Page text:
• Argentina: Capital’s confirmed dengue

    In just under four months there have been 47 dengue fever cases in the capital, Buenos Aires – none of those infected had travelled outside the country so the dengue was locally acquired. Read more (translate from Spanish). In neighbouring Paraguay, information available up to late March revealed a total of 2,184 confirmed dengue cases (& 10 deaths), but there were a further 12,347  infections that were considered ‘probable’. While some municipalities in Asunción had a drop in cases, numbers rose in Zeballos Cué, Botánico and Roberto L Petit. Read more (translate from Spanish).

    Advice for travellers: Dengue is spread by two types of Aedes mosquitoes. Both breed close to dwellings, are found in shady areas and bite mainly during the daylight hours, making them difficult to avoid outdoors. Travellers should cover up with long-sleeved tops, long pants, and shoes and socks when mosquitoes are most active. Apply repellent containing an active ingredient, such as DEET, Picaridin, or PMD when outdoors to all exposed skin. Read more about dengue fever and preventing insect bites.

    Botswana: Late malaria for 2 regions

    The end of the annual peak malaria transmission season is approaching but cases have climbed recently owing to late rains in southern and central areas. According to a World Health Organization (WHO) bulletin, there have been 339 confirmed cases and two deaths for the year to mid-April. Read more

    Advice for travellers: Malaria is endemic in many areas of southern Africa. Travelvax recommends that travellers visiting this region discuss their itinerary and preventative medication at their nearest Travelvax clinic, or with their healthcare provider. For advice, call Travelvax on 1300 360 164. More on malaria.

    China: Onset of HFMD season

    Health authorities in Beijing expect a rise in the incidence of hand, foot and mouth disease (HFMD) this year as the city heads into the peak season for the infection; and the situation is likely to be mirrored on a national level. Children under five years of age make up more than three-quarters of all cases. Read more (translation required).

    Advice for travellers: Parents of young children should be aware of that seasonal epidemics of HFMD occur throughout Asia. The virus mainly affects young children and symptoms include fever, oral lesions, and rash on the hands, feet and buttocks. There is no vaccine or preventative medication, but good hand hygiene will greatly reduce the risk of infection.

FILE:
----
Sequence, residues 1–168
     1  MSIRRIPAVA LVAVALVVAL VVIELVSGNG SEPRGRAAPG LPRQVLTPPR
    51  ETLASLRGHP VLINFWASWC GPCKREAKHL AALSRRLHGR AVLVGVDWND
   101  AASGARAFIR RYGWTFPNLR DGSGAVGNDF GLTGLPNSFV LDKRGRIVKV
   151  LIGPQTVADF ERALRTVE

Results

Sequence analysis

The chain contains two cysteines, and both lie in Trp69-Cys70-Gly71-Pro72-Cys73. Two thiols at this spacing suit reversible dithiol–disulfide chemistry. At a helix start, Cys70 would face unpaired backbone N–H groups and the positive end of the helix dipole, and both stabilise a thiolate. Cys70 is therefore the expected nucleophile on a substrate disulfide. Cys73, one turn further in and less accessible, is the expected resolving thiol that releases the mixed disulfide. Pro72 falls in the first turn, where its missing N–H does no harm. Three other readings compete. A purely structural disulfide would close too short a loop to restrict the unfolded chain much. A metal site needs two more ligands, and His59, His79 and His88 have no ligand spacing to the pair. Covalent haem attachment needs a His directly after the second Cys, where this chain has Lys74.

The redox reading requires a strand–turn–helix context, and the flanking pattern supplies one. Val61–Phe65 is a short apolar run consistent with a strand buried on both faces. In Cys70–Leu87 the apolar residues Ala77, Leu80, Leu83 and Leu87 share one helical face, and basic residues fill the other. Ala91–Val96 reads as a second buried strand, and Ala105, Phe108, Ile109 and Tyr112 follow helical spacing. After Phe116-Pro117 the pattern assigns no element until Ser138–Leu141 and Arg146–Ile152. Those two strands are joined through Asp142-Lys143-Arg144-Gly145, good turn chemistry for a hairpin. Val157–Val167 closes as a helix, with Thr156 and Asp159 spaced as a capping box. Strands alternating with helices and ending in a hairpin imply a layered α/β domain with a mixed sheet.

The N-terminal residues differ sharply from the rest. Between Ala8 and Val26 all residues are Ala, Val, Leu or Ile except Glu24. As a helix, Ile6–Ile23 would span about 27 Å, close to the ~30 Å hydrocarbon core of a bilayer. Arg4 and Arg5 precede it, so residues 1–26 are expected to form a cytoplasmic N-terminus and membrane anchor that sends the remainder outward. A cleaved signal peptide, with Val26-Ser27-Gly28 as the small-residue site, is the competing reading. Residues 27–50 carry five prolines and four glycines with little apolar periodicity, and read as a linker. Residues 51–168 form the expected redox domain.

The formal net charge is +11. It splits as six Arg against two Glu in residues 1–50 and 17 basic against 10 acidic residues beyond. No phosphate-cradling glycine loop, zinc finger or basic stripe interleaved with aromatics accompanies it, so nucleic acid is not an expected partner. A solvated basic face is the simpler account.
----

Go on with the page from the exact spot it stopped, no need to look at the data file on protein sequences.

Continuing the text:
Europe: Study: Measles outcomes severe in babies

    Results from a study on the ongoing measles outbreak were outlined at a recent conference and included: ‘37,365 measles cases reported to the European Centre for Disease Control (ECDC) from 1 January 2013 through 31 December 2017. The researchers found 81% of all reported cases were patients who were not vaccinated.’ And ‘children younger than two years old were at a higher risk of dying from measles than older patients’.

    Advice for travellers: Measles occurs in developing and developed countries and unvaccinated travellers are at particular risk, both in transit and during their stay. While generally benign, infection can result in severe illness or death. Travelvax Australia recommends travellers check their immunisation status for measles and other childhood diseases such as diphtheria, whooping cough (pertussis) and mumps at least 6 weeks before departure. Read more about measles.

    India: Dengue alert sounded

    It has been revealed that over 40 percent of children living in Kerala’s capital district have tested positive for previous dengue fever infections so their risk of severe complications from a subsequent infection is raised. Authorities are concerned the upcoming monsoon (and peak dengue) season could bring higher death rates even if actual dengue numbers drop. Read more 

    Japan: Golden measles risk

    The increase in holiday travel over Golden Week (starting at week’s end) could well bring a surge in measles cases after local authorities in Okinawa said their numbers have increased from ~40 on April 13 to 70. Also six more healthcare-related cases have occurred in Aichi prefecture after an infected teenager who had travelled to Okinawa sought medical care on return to Nagoya. Read more. Taiwan’s Center for Disease Control measles statistics reveal they have had a total of 23 cases since the end of March, 15 of those in April. One news source stated that over 5,000 people may have been exposed to the virus through contact with infected individuals.

    Nigeria: Lassa season assessment

    A WHO assessment of the Lassa fever outbreak offers some caution with the news that case numbers are finally on the decline: ‘This declining trend needs to be interpreted with caution as historical data shows that the high transmission period has not passed. … This is the largest outbreak of Lassa fever ever reported in Nigeria.’ Edo, the only state to report a new case this past week, has been the source of over 40 percent of all cases this year. Read more

    Advice for travellers: Lassa fever is a low risk for most travellers. Rodents shed the virus in urine and droppings and it’s then passed on to humans through direct contact, touching objects or eating food contaminated with these materials, or through cuts or sores. While Lassa fever is mild or has no observable symptoms in about 80% of people infected with the virus, the remaining 20% have a severe multisystem disease. Read more on Lassa fever.

    Philippines: Safe from measles program underway